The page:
This Beautiful Future tells the story of two teenagers, Elodie and Otto, falling in love for the very first time. Elodie is a French schoolgirl, Otto is a Nazi soldier, it’s 1944 and the war is coming to an end.
Despite the extreme circumstances, at it’s heart This Beautiful Future is a story of first love in all it’s tenderness, innocence and awkwardness.
Reflecting on experiences of first love, we asked the team to share (anonymously) their stories about the first time they thought they had fallen in love.
I met him in playgroup. I was besotted. With his blonde hair and blue eyes. Moving onto primary school together, I was convinced he was the one. I tried all methods possible to get him to fall in love with me, including pulling him to kiss me by the coat pegs as everyone came into the classroom – surely this public display of affection would mean he had to love me? The day came when I was cast as snow white and him prince charming. I was over the moon. I still remember where he kissed my hand to wake me from my “deep sleep”. It’s all on film. I watched it back repeatedly to look for the sincerity in his actions. In year 6 we took a trip to the Isle of Wight. Surely by now he would ask me out? We went to a candle making workshop. He bought a beautiful candle at vast expense (£5). This must be for me? At dinner my ‘best friend’ Leanne came over with a big grin on her face – Oliver Mencarini had asked her out and given her a candle. She said she didn’t like him but she’d go out with him anyway, “coz he bought me a candle”. Needless to say, I was devastated.
When I was in year 6, in what was surely the height of my popularity (never to be repeated again), I was going out with the fittest boy in year 6: Tyler. I was drunk on the fame, on feeling so special. He was so beautiful. Big brown eyes I’d chase after for the next 15 years or so. But having a position of power and influence was a dangerous place aged 11. The fates were cruel. Tyler could be going out with you one minute and the next minute be holding your friend Cathryn’s hand on the playing field, watching her do handstands of a quality you’d never reach.
So when Tyler – lovely, cheeky Tyler – gave me an ultimatum: get off with me or you’re dumped (delivered by his charming but hapless friend Marc), I did what every twenty first century gal does and buckled helplessly under the pressure. Me and my mate Louise met the boys after school one afternoon and we walked to the railway arches, the edges of our known world. Everyone stood in a circle around us while we snogged, with tongues and everything. It was horrible, obviously. I ended up with the nickname ‘100 miles an hour’ because of the speed with which my mouth moved. Cringe. And I think he dumped me for Cathryn in the end anyway. Learning early on that moulding yourself for love doesn’t get you anywhere. And that snogs are way better in private.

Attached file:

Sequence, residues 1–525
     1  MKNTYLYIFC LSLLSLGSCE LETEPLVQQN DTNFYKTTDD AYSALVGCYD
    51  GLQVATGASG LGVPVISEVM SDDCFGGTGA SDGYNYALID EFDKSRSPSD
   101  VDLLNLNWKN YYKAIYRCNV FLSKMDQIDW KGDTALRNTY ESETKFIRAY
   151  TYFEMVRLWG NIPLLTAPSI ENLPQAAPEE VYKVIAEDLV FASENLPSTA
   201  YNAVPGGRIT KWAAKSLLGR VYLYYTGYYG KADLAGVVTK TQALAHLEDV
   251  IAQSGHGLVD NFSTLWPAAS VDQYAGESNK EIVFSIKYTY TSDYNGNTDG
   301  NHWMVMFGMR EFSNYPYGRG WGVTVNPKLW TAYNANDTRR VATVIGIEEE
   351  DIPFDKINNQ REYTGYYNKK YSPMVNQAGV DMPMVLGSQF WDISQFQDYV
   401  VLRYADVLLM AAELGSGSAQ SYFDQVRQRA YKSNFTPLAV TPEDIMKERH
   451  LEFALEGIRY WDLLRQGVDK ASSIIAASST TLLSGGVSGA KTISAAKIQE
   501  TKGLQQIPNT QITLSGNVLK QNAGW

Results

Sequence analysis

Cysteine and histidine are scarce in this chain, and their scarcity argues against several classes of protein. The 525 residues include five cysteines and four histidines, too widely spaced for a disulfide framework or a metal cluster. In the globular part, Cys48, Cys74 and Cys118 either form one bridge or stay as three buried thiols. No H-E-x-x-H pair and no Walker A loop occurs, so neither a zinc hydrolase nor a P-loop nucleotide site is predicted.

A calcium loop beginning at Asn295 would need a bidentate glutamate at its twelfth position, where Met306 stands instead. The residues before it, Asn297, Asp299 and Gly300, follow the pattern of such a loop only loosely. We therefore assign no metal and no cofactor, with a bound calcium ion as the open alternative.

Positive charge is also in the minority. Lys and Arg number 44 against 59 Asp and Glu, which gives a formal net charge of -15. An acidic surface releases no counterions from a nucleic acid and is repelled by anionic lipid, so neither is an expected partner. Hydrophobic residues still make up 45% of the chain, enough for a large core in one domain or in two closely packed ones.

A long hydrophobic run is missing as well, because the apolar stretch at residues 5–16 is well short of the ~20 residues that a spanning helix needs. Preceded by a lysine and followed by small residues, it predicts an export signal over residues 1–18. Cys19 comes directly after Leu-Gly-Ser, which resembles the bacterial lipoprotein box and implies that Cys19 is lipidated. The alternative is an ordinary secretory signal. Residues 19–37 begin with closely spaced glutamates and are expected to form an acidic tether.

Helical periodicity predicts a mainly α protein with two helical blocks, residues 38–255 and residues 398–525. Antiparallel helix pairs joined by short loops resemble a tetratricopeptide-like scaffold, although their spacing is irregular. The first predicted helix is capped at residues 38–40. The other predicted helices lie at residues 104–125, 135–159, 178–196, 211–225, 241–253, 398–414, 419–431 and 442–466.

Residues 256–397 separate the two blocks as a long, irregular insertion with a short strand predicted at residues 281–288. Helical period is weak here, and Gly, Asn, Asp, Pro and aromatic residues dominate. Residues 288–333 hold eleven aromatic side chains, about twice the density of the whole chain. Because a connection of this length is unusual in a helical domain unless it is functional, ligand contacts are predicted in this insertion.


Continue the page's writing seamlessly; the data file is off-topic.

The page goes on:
When I was in Year 1 I dated three girls, all called Emma.
When I was in Year 5 I dated Mallorie. She enticed me over with Nintendo 64 then pushed me onto her bed and dry-humped me. While Anna watched.
In Year 6 I dated Katy. She chased me around the playground and on Valentine’s Day gave me a little miniature of Jean Paul Gaultier Le Male. It was a little male torso which I found deeply fascinating.
In Year 9 I spent so long planning how and where I was going to kiss Laura that I never did.
In Year 12 I was staying in a camper van with my mates and was sleeping next to Josh. We ended up spooning and I was intoxicated by the smell of his hair and neck. He turned over to face me and, with our friends inches away, we started to kiss and embrace. We had to be so quiet so we didn’t wake our friends and so, the next day, decided to excuse ourselves to sleep in the storage tent alongside the camper van because “we were sick and didn’t want to spread it to the others”. There we were able to discover each other in more privacy and we didn’t sleep a wink. Everything was just brilliant with him those days and nights and they extended into 2 years of love in the closet.
I fell in ‘love’ with a musician from my favourite band as a teenager. We ended up flirting whilst he was playing on stage. I didn’t stick around after the gig; instead I tracked him down on MySpace and he invited me to join them on tour, so I flew out to Austria. Then a few months later, I flew to Toronto for a week…but it all fell apart in a haze of dope smoke.
The first time I fell in love was with my best friend.
I told him twice. He said he didn’t feel the same way.
We are still best friends.
I was Rosalind, he was Orlando, the dramatics were amateur. He asked me what I did and when I responded “GCSEs” he went “Jesus”. He was six years older and it felt like a lifetime. He wrote me a song and I snogged him with tongues in the play. He had all the limited edition Radiohead CDs and used the word soulmate. I bought him The Thrills and felt like a goon. He texted me the lyrics to a new song that “wasn’t strictly about me”, just some totally fictitious unreliable indecisive girl. I think he married his childhood sweetheart in the end.
My first and second time of (thinking I was) falling in love was with the same person. The first time I was seven. He was very blonde & the fastest boy in school, we went out briefly in year 4 and went on a date to watch Maid in Manhattan in the cinema. He broke up with me and left school to be home-schooled. The second time I was sixteen. Our paths crossed again through mutual friends. We’d get together at camp outs and parties at ‘free-houses’, one time behind a doctors surgery in the middle of the day. I was pretty besotted and called him every time I was drunk but he was a stoner and wasn’t interested in much else. So I went out with his best friend instead. For a year and a half.
Fell in love with nanny. Think my dad shacked up with her instead. It’s complicated